The Pacific Coast has a windswept, lonely beauty to it, and also a sense of danger. Numerous signs near beaches warn about sneaker waves, steep drop-offs, rip currents, hypothermia-inducing water, and tsunamis. These are not swimming beaches (although we saw plenty of people playing in the surf and taking their chances). As you drive Highway 1, you’re constantly entering and leaving tsunami danger zones, as indicated by signs at low points along the coast. It was all a strange and beautiful world, an unstable landscape but a majestic one.

Up next: Perennials, heaths, and heathers at Mendocino Coast Botanical Gardens. For a look back at the garden of Gary Ratway and Deborah Whigham, owners of Digging Dog Nursery, click here.

I welcome your comments; please scroll to the end of this post to leave one. If you’re reading this in a subscription email, click here to visit Digging and find the comment box at the end of each post.

Digging Deeper: News and Upcoming Events

The Austin Cactus & Succulent Society hosts its Fall Show and Sale on September 2 & 3, from 10:00 am to 5:00 pm, at Zilker Botanical Garden (2220 Barton Springs Road). Come see rare and beautiful cacti and succulents and shop for plants and handcrafted pottery. Admission is free with paid entry to Zilker Botanical Garden ($2 adults, $1 children and seniors).

Get on the mailing list for Garden Spark Talks. Inspired by the idea of house concerts, I’m hosting a series of garden talks by talented designers and authors out of my home. Talks are limited-attendance events and generally sell out within just a few days, so join the Garden Spark email list for early notifications. Simply click this link and ask to be added.

All material © 2006-2017 by Pam Penick for Digging. Unauthorized reproduction prohibited.

19 Responses

  1. Peter/Outlaw says:

    Gorgeous shots of this lovely area!

  2. Margo says:

    Beautiful photos. I made that drive about 7 years ago. It is a wonderful road trip.

  3. What a wonderful tour. Thanks for taking us along.

  4. Alison says:

    Beautiful shots! I’ve never driven the Pacific coast. Perhaps the stacking behavior is West Coasters’ way of bringing order to the constant possibility of chaos from tsunamis and rip currents.

  5. Nice photos….it seems sad scenario, reminds me North Atlantic cost of Europe (UK, North France, Danmanrk)…:)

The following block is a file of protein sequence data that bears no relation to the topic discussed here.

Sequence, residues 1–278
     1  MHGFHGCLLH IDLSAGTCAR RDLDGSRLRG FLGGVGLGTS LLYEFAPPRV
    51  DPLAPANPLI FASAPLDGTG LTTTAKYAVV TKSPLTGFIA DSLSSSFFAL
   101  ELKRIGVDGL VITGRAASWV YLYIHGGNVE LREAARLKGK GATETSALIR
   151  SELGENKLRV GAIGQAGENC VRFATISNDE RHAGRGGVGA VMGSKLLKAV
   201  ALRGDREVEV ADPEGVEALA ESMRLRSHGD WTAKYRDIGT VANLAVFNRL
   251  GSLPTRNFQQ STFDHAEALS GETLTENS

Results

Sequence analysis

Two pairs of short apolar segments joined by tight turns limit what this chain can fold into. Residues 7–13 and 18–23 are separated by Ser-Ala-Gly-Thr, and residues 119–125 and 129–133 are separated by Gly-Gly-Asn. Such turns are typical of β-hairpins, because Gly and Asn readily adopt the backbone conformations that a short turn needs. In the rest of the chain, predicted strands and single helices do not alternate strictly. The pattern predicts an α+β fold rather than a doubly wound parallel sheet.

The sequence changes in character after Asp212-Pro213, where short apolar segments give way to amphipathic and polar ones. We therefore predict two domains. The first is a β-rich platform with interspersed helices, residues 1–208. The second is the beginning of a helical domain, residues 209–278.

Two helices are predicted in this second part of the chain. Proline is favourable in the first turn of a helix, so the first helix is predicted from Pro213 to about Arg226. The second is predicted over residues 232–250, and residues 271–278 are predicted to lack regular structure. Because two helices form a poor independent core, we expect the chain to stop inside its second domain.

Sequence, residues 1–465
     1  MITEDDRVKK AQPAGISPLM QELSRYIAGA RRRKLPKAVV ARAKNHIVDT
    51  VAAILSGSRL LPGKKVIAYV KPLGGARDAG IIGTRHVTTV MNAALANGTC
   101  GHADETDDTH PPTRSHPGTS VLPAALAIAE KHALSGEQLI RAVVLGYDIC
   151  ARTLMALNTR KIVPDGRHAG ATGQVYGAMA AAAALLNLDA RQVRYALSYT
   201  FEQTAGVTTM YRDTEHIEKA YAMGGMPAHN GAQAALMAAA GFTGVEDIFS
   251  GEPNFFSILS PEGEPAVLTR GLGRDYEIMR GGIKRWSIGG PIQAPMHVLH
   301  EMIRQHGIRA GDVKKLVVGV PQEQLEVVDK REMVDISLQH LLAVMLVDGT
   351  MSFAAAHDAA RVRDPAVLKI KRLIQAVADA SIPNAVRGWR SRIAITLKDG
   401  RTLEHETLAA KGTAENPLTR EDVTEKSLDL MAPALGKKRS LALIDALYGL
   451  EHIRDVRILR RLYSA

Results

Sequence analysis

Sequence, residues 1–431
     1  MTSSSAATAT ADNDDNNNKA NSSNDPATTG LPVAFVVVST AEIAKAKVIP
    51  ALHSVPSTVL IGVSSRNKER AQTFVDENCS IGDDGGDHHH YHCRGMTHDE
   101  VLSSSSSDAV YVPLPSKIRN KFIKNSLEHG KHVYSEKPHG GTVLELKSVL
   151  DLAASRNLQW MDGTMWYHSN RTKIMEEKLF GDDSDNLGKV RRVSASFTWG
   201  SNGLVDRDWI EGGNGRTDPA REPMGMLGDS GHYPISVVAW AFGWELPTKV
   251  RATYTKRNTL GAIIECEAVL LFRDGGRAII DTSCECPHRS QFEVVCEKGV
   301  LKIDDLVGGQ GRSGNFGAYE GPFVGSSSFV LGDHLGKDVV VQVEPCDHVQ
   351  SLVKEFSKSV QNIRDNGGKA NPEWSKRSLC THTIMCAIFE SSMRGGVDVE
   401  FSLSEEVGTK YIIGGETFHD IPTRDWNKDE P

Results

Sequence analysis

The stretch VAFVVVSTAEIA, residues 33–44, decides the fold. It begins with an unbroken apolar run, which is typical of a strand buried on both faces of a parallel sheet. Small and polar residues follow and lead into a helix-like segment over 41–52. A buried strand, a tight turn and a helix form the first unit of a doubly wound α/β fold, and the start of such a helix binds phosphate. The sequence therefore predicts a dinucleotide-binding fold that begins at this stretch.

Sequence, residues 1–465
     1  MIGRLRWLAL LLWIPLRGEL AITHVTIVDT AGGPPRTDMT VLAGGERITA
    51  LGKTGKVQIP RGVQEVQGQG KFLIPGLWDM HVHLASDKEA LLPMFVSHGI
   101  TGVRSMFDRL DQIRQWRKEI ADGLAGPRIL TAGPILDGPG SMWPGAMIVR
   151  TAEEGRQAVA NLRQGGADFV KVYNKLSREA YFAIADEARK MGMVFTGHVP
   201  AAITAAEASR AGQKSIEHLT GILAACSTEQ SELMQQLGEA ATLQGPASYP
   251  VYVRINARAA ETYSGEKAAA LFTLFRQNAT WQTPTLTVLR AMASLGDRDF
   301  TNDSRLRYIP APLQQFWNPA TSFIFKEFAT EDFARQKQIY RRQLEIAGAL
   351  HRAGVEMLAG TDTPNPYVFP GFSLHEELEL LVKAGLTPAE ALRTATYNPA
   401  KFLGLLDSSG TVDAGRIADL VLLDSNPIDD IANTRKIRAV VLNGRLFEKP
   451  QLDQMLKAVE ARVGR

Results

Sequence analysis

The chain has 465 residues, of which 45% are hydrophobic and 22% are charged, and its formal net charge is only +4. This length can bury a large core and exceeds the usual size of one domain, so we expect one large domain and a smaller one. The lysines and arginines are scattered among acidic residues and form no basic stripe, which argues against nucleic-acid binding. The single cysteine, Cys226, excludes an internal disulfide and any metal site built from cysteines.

6. Kris P says:

    You make great use of your summer escapades! My husband and I used to make nearly annual pilgrimages to Monterey and Carmel but I’ve never driven much further up Highway 1 than San Francisco. Kathy Stoner (Garden Book) regularly visits Mendocino and her posts and yours have whetted my appetite for a visit of my own.

  7. Lori says:

    Oh, wow. I need to go.

  8. This was a wonderful trip down memory lane for me, Pam. My husband and I took a similar trip about 15 years ago. It’s one you never forget. Your photographs are stunning. P. x

  9. Evan says:

    I don’t understand the stacking thing, and I was born on the west coast. I love our wild, rocky coastline. It’s one of my favorite places to be. I’ve only ventured as far south as Brookings, Oregon, so the Northern Californian stretch of Highway 1 is definitely a trip I still need to make.

    • Pam/Digging says:

      The area is pretty distant from major cities (and yet it isn’t inexpensive as far as hotels, etc.), so it does take some effort to get there. But it’s well worth it. —Pam

  10. Philip says:

    Beautiful shots, though I must say that sharing photos of the Mendocino Botanical Garden to those of us back in Central Texas verges on cruel! LOL. (Is there anything they cannot grow in that climate??) One quick thing — I may be mistaken, but I suspect the images you labeled as Cordyline might in fact be of a narrow leaved Phormium tenax (rubrum) cultivar. I’ve tried some cultivars of Phormium here in Austin, but they inevitably melt away by high summer. *sigh*